She looked like the great grandmother of every whore in the world.
The devil got his money’s worth that night.
“Every so often a writer turns up who forces us to revalue our notions of the realistic manner, for, no less than reality itself, it is relative and inconstant, depending on the period, the fashion, the point of view. There is the feeling of realism, of intense realism, in James M. Cain’s work, and yet he cannot be compared to such diverse types of realists as Zola, Ibsen, Sandburg, Dreiser, or Hemingway. It is the hard-boiled manner that has been heralded for some time, and is now upon us. It is the manner that James T. Farrell has been attempting in an inadequate way, that Dashiell Hammett has stumbled on, even that Tiffany Thayer has used to his own deplorable ends. But Cain is to be compared to none of these, for where Farrell loses the strands of his story, Cain rushes forward like a hound on a hot scent; where Hammett’s people act tough mostly out of boredom, Cain’s are toughness itself; and where Thayer achieves his sensationalism by gaudy overstatement, Cain achieves his by the most telling sort of understatement. In short, Cain has developed the hard-boiled manner as a perfect instrument of narration.
He takes a young bum with a background of pool rooms and rod-riding, a mug fresh from the binge in Tia Juana, and sets him down at a lonely roadside gas station in California. Here is the first sentence: ‘They threw me off the hay truck about noon.’ The impact of that is tremendous. But more than that, it is a complete characterization of the hero, for there is just one kind of man who would ride a hay truck and be kicked off it as an unwanted passenger, and then comment about it in just that manner.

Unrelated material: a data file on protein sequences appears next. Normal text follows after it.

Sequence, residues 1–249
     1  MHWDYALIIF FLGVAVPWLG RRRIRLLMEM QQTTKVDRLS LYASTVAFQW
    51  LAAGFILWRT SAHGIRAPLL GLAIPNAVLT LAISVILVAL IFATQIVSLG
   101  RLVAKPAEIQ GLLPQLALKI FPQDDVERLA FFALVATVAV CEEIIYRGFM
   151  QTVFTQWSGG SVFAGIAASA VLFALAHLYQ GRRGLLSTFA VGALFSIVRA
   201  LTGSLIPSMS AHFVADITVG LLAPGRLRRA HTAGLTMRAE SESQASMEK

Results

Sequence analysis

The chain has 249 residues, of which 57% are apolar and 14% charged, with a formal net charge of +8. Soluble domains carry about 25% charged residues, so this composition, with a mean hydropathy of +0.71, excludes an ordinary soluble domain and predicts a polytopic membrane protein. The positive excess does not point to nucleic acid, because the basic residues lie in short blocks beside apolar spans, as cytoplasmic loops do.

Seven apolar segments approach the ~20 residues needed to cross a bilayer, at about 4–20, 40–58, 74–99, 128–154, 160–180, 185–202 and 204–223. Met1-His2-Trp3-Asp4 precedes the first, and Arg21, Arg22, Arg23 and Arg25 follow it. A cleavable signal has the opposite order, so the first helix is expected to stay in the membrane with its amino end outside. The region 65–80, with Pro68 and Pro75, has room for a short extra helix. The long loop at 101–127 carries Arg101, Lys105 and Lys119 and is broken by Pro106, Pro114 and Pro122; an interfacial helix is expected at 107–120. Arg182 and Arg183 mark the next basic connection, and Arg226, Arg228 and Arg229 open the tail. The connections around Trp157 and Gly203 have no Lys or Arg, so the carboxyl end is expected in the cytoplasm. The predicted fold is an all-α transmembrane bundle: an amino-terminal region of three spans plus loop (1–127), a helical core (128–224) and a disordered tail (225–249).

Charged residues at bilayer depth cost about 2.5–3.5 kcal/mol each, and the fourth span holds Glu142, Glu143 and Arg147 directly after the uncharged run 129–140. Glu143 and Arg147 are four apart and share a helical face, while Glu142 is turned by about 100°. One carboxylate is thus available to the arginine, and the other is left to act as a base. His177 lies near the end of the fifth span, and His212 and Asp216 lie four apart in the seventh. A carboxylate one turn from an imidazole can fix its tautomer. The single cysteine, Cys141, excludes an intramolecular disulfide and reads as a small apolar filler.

“Through the whole business of emotional spasms, of recriminations and reconciliations, of marches by the police and counter-marches by the culprits, of crime and greed and lust, the story races with the speed and power of a cataract.
Cain is an old newspaper man who learned his reporting well, so well that he makes Hemingway look like a lexicographer and Caldwell look like a sob sister at her first eviction. He would be an asset to the tabloids, because he leaves lots of space for pictures. His story is a third as long as most novels, and its success is due entirely to one quality: Cain can get down to the primary impulses of greed and sex in fewer words than any writer we know of. He has exorcised all the inhibitions; there is a minimum of reason, of complexity, of what we commonly call civilization, between an impulse and its gratification. In the broadest sense he is no asset as yet to American literature, for he adds nothing in breath, but only in intensity, to our consciousness of life. But we want to see more of his work. Meanwhile, we defy anyone who has broached that remarkable first sentence to put his book down without finishing it.”